Speech Analytics Does Not Replace Quality Monitoring

I have been getting several inquiries asking if speech analytics is a replacement for quality monitoring software in contact centers. Speech analytics is a valuable tool for monitoring your customer’s experience when dialing into your contact centers or using the IVR, as it provides the ability to mine, analyze, and understand customer conversations. It is a valuable tool for companies to quickly identify and understand what is on their customer’s mind. However, it serves a different purpose than quality monitoring that records customer conversations and is used for coaching agents or for compliance and recording of customer calls. Quality monitoring is best used for improving the agent’s performance, and speech analytics is optimized for understanding customer concerns and attitudes. They are complementary applications, and one does not replace the need for the other.

Speech analytics is a newer application for managing customers and just beginning to capture the attention of companies who realize they don’t really know what their customers are saying.  Unlike surveys that usually do not spot problems quickly, speech analytics allows companies to quickly run reports on their customer conversations to evaluate the success of their marketing campaigns, spot customer defections, or gauge changes in their customer attitudes. I think most customer service operations would gain significant benefits from deploying speech analytics to better understand the nature and attitude of their customer transactions.  Although it can also be used to monitor agent performance, such as putting calls on indefinite hold, this is a secondary use for speech analytics. Also, try not to confuse speech analytics, which can quickly drill down to specific conversations and customer attitudes, with behavior analytics, which identifies clusters of people who follow similar patterns, such as the way they use the IVR, click through a Web site, or make online purchases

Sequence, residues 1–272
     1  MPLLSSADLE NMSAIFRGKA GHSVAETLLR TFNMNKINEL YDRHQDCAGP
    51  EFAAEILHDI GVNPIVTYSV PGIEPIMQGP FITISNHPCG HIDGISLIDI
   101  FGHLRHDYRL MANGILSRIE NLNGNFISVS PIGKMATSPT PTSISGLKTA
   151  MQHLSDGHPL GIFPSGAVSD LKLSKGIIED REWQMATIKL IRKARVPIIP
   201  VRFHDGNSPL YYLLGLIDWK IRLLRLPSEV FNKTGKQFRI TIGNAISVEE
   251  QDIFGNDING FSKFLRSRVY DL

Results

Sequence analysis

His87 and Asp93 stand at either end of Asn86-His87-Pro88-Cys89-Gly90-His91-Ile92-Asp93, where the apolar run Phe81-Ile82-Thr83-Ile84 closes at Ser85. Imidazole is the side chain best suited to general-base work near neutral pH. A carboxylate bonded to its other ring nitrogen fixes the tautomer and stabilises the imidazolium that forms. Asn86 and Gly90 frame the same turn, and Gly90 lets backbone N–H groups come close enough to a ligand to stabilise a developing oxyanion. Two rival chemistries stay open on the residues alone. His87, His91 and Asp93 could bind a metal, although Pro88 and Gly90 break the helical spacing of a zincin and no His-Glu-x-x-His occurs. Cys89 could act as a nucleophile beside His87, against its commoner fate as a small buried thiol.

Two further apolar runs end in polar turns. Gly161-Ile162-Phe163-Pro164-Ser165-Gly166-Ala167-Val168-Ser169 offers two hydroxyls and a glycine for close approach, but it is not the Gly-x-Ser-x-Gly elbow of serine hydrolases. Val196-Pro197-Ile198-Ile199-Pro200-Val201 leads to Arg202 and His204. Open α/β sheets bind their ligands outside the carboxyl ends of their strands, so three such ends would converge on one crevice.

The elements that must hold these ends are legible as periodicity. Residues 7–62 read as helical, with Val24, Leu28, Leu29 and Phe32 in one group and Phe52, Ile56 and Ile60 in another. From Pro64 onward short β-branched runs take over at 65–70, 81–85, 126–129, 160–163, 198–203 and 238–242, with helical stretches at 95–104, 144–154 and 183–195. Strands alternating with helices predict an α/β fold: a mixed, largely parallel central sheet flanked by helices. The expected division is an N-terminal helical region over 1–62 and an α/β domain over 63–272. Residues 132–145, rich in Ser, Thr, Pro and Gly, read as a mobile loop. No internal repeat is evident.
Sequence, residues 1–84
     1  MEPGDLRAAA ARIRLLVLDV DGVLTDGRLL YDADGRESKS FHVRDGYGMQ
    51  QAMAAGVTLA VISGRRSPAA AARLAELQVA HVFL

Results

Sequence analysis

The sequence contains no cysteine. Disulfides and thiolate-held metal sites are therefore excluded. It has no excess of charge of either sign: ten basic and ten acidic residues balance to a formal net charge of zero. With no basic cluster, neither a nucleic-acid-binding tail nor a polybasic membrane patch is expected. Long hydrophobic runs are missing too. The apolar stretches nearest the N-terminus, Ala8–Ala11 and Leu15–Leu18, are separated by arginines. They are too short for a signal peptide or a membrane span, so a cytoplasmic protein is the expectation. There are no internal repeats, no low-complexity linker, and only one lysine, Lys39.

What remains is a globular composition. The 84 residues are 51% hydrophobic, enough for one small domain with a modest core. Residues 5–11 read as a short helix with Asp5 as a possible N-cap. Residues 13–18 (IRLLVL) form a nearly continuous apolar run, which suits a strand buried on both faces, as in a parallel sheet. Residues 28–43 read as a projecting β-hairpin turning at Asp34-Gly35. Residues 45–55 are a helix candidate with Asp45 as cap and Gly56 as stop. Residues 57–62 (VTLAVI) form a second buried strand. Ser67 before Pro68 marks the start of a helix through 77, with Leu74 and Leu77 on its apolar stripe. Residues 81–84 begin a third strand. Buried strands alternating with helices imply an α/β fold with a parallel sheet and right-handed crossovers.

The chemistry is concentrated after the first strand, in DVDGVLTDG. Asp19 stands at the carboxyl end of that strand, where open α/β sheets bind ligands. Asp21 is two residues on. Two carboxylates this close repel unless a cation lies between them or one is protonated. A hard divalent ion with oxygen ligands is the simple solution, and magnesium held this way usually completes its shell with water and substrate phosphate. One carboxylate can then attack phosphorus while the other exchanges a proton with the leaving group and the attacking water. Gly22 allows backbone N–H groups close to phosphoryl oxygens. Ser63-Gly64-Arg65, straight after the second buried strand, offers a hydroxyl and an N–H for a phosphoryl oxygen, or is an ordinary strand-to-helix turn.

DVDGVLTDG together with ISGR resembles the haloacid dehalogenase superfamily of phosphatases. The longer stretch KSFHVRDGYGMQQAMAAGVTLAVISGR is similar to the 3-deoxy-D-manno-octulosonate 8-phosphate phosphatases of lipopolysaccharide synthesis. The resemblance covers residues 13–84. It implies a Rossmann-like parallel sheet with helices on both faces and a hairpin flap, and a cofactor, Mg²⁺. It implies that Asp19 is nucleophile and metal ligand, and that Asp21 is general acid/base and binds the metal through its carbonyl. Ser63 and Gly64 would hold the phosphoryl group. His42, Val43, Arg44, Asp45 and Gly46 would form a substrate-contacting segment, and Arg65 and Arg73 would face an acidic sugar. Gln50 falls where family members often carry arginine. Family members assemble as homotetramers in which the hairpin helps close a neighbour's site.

I often advise companies interested in speech analytics to talk to a few of the market leaders and get educated on how their product performs the speech search and its accuracy for identifying not just words but the contextual meaning of what is said.  Vendors such as CallMiner, Nexidia NICE Systems, and Verint sell or host speech analytics and can provide a comprehensive overview of their solution. Let me know if you have an interesting experience with the use of speech analytics for your contact center.